Weather divides East and West

Combines have been rolling in the East of England, but wet ground conditions and showers continue to prevent harvesting in the West and North.

Farmers were about 40% of their way through winter wheat in Kent, according to intakes at Weald Granary store.

 “Our dryers are flat out – they haven’t stopped for three weeks, said store manager John Smith.

Yields so far were excellent, and quality was holding up incredibly well. “We have not seen any drop off in Hagberg.”

In Norfolk, Chris Harrold was about a quarter of the way through his winter wheat.

“The wheat appears to be phenomenal,” he said. “If we can get it we’re looking at our best harvest since 1985.”

Further north, near Darlington, Michael Manners made a start on his winter wheat yesterday (21 August), combining at 21% moisture.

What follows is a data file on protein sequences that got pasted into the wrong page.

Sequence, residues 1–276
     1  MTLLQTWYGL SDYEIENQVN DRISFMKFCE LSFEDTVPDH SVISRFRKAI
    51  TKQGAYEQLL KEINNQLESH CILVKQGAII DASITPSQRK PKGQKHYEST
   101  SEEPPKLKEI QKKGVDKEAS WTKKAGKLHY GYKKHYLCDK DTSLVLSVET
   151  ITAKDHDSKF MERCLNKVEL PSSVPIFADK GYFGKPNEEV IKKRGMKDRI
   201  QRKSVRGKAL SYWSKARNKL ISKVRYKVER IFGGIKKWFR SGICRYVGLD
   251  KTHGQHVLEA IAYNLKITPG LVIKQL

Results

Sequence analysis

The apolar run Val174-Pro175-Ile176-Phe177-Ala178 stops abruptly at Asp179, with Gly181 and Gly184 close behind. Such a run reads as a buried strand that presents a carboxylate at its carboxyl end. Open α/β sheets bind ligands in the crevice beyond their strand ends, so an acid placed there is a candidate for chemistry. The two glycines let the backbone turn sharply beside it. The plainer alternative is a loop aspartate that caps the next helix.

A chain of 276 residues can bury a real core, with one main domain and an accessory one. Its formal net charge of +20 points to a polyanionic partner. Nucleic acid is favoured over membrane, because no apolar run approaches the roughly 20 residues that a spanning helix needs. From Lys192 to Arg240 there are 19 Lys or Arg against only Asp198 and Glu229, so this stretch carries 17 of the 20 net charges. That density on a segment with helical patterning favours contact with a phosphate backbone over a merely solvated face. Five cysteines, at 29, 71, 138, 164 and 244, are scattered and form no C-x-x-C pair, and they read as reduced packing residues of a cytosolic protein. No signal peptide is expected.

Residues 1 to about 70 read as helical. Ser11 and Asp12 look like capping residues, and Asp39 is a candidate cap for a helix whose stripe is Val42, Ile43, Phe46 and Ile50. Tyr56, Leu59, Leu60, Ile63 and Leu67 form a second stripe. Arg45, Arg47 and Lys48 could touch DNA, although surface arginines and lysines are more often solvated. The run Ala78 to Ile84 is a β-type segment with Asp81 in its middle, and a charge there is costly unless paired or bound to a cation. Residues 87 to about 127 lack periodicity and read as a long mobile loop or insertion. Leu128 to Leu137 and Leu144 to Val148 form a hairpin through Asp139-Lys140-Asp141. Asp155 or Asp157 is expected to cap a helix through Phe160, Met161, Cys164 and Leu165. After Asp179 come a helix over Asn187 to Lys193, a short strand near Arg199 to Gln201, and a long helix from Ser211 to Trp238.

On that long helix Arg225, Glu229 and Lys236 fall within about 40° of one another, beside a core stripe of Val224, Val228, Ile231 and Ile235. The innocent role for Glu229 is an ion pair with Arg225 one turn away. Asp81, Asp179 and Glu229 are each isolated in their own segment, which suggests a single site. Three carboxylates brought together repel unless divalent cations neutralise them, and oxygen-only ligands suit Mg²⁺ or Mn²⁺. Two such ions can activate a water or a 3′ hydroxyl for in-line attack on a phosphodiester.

But in Fife, Scotland, Andrew Peddie had not cut anything for a week, and still had 4ha (10 acres) of oilseed rape to combine.

“The land is getting very soft and the rape is looking very weathered,” he said.

The same was true in Cornwall, where Martin Howlett had not had the combine out for nearly a month.

His winter barley was chitting in the field. “There’s a very serious danger that the entire crop will be lost,” he said.

“It was all looking so good before the rain – you could say it’s the best harvest we’ve never had.”




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Duxford winter wheat is an HGCA Recommended List 2008/09 variety with very high UK treated yields and the top score for resistance to lodging with PGR. Combined with an unbeaten second wheat yield and a balanced disease resistance profile, this new variety from Syngenta Seeds will help UK growers rise to the challenge of producing more grain profitably.


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